Monica Brant is one of the most prolific faces in fitness. She’s been on hundreds of health and fitness magazine covers, won Joe Weiders Ms Fitness Olympia in 1998, won so many titles in fitness that I wouldn’t even know where to start, retired in 2013 after winning the WBFF World Pro Championship figure contest twice, is a published author, a speaker and runs her ever popular F.E.M. camp all over the world.
- She’s also a masters 400 meter world class sprinter – she placed 3rd in the 2012 London Olympic 400 meter trials. She led the pack until the last 90 meters when the 400 meter world champion and outdoor national 400 meter champion placed 1st and 2nd.
- She’s due to continue her push to the top in this masters event having recently finished in the top 3 in all the events where she competed, in 2013 WMA Outdoor Championships (Porto Alegre, Brazil), where she competed in the Women’s 100m(2nd place), 200m(3rd place), 400m(3rd place), 4x100m relay(1st place) and 4x400m relay(1st place).
- I’ve worked with Monica since 2007 on various fitness related projects and as part of former Austin Mayor Will Wynn’s Fitness Council.
Monica has been following a strength and conditioning program since she was a teenager. She ran track on her high school track team. She lifts weights 3-4 times a week. She eats a healthy diet and makes sure to get 7-8 hours of sleep each night.
Strength and conditioning is not only beneficial to amazing athletes like Monica but strength training can be beneficial for all age groups for all people in all walks of life. It is a great form of exercise that can really improve quality of life and help fight off disease and injury.
A lot of the health benefits you get from exercise in general can be derived through strength training. It decreases risk of cardiovascular disease and increases insulin sensitivity to name a few.
Strength training can be really beneficial to mental health. It is a good stress reliever. Throwing some metal around is a great way to unwind after a hard day at the office.
Strength training has great benefits on the musculoskeletal system and can help treat and prevent back pain, knee, ankle and shoulder problems. Strengthening the muscles around a joint can help take the strain off joints. The knee is a great example, by strengthening quadriceps and hamstring muscles you are taking some of the load off the joint.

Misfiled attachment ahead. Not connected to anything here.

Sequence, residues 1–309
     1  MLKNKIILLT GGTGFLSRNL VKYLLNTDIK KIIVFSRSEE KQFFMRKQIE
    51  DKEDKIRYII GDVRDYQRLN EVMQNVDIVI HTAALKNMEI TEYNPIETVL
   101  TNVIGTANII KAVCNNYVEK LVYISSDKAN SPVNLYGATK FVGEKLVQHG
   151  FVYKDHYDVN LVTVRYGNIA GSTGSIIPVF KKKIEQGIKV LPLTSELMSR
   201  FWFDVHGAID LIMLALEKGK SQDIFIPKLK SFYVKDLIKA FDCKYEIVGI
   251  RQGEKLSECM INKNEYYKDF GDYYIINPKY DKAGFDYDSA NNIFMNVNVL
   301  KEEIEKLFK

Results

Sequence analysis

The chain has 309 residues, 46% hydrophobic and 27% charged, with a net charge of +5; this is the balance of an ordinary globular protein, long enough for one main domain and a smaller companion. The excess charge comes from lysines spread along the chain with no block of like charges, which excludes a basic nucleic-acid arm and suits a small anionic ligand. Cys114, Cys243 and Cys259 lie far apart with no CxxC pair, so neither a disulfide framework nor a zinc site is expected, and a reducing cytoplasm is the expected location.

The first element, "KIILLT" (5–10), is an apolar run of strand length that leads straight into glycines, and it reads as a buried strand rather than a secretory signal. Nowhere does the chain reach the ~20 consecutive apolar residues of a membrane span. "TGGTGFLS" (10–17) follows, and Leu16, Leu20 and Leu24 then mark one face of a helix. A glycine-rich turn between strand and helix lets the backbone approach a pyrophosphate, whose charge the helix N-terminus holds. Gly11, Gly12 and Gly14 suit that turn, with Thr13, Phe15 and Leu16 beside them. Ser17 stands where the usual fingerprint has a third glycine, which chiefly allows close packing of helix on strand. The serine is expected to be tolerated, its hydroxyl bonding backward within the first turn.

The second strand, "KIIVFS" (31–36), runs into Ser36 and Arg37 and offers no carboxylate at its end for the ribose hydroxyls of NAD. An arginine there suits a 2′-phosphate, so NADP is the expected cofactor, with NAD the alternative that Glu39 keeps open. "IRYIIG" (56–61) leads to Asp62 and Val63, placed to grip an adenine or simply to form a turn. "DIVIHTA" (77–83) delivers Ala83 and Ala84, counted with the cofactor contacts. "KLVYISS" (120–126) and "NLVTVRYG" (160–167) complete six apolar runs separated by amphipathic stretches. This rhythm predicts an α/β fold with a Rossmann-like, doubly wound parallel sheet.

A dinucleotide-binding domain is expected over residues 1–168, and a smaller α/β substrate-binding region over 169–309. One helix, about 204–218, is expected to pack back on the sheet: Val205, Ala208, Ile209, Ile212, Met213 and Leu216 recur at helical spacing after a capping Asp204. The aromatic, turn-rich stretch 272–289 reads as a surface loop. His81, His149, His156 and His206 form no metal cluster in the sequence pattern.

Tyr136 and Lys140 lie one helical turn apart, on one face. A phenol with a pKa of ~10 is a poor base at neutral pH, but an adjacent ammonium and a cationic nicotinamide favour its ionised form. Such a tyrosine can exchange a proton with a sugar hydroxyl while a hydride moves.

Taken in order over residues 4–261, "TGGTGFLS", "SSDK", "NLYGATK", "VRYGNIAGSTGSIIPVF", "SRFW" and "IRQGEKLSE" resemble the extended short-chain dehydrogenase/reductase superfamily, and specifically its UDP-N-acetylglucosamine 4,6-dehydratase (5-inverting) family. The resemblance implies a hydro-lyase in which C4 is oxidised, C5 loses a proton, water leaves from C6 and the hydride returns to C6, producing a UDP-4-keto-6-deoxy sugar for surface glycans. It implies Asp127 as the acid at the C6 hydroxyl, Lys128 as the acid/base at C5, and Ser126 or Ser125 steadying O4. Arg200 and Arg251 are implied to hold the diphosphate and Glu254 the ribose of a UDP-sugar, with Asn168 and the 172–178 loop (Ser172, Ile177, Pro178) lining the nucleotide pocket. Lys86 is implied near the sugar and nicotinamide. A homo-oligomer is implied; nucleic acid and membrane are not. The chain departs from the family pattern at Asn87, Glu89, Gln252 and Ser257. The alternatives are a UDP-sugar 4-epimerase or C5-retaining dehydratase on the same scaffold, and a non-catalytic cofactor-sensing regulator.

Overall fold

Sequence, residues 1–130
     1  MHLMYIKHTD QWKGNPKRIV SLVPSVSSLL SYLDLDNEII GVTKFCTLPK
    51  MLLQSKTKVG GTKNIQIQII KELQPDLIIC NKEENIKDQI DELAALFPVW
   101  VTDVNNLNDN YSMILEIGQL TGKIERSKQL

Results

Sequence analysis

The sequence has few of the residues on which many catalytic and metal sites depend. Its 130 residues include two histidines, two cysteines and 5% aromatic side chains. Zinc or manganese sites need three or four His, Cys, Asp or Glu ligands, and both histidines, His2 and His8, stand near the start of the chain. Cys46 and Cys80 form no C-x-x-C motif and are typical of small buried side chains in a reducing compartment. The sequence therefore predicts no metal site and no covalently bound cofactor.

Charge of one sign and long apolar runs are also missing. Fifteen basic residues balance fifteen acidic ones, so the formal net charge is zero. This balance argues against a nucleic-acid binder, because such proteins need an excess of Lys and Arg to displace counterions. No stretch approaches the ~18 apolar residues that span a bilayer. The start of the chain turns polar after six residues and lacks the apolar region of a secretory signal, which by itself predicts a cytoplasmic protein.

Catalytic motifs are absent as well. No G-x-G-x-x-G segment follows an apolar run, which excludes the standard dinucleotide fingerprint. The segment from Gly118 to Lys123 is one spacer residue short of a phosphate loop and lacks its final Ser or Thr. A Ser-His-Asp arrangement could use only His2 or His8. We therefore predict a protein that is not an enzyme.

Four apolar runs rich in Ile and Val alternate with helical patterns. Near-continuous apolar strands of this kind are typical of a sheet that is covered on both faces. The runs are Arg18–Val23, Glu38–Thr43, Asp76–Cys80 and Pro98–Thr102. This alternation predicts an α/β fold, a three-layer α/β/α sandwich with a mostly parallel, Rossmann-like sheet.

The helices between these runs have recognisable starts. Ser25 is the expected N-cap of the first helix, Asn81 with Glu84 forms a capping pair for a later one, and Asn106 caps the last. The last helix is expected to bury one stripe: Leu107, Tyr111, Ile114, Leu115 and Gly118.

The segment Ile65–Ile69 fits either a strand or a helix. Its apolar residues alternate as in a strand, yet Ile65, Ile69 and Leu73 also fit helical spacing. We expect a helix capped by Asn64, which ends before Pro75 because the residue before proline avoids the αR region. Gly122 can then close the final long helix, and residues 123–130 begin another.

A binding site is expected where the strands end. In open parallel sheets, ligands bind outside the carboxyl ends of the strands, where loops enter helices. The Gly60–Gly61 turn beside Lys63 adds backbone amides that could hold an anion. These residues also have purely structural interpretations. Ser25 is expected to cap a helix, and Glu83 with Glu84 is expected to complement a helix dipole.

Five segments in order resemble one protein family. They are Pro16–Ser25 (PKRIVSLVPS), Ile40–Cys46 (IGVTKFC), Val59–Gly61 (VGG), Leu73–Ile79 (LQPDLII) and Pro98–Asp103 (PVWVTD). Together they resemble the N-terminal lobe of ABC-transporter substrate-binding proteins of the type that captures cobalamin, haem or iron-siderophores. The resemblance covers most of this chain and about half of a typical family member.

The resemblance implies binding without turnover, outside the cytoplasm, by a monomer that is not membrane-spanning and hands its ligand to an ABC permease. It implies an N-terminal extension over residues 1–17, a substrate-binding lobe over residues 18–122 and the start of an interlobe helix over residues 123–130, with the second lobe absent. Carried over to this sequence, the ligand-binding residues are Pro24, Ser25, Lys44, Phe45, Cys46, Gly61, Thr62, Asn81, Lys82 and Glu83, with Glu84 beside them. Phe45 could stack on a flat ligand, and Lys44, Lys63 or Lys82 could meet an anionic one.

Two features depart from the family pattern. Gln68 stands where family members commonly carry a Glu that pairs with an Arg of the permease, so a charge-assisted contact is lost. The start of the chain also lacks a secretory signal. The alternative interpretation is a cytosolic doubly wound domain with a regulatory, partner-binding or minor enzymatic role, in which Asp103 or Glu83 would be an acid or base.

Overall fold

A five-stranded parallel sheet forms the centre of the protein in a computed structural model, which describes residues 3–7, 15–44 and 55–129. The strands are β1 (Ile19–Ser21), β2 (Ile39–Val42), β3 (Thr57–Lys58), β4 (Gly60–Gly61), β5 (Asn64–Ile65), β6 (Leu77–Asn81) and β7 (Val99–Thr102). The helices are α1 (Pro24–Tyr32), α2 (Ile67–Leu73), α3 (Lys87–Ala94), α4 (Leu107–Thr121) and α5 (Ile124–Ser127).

Strength Training for the Elderly
Strength training is a great form of exercise for an elderly population. Falls are a big issue in the elderly, and a fractured pelvis can have a shocking effect on an elderly person’s life. Strength training is beneficial in helping to prevent falls. The stronger you are, the more easily you can catch yourself if you are off balance. Strength training also increases bone density, which means if you have a fall you are less likely to break a bone.
Strength training can involve unilateral exercises. These are basically exercises done on 1 leg, such as lunges, single leg squats, standing hip extension and abduction. By standing on one leg you are challenging balance. Maintaining your balance as you age is a big part of preventing falls.
Strength Training for Athletes
Virtually all sports have some dependence on maximal strength. It underpins performance in almost every sport. Sports such as football and rugby have an obvious need for a high level of maximal strength, but all sports from tennis to baseball rely on it to help improve performance.
Athletes use a variety of methods in strength training. Machine weights, free weights, dumbbells, barbells, kettlebells, resistance bands are all available and useful tools in helping developing strength.
Strength training can not only enhance athletic performance, it can also help prevent injury. Most sports involve large amounts of force being produced and also absorbed by the body. Strength training can prepare ligaments, muscles and tendons to cope this high level of force experienced during sport.
A good strength training program also ensures that proper balance is maintained between muscle groups. Correct balance between opposing muscle groups ensures good posture, which leads to efficient movement, as well as helping prevent injury.
Monica Brant continues to take care of herself, getting stronger and faster as she approaches 50 years old, you can bet that strength and conditioning will be the centerpiece of her exercise routine.
Here’s a track workout that I shot with Monica Brant and Coach Maurice Harris for Austin Fit Magazine a few years ago!
And here’s a video from when I trained Monica at my Cedar Park, Texas bootcamp, FullForceFitness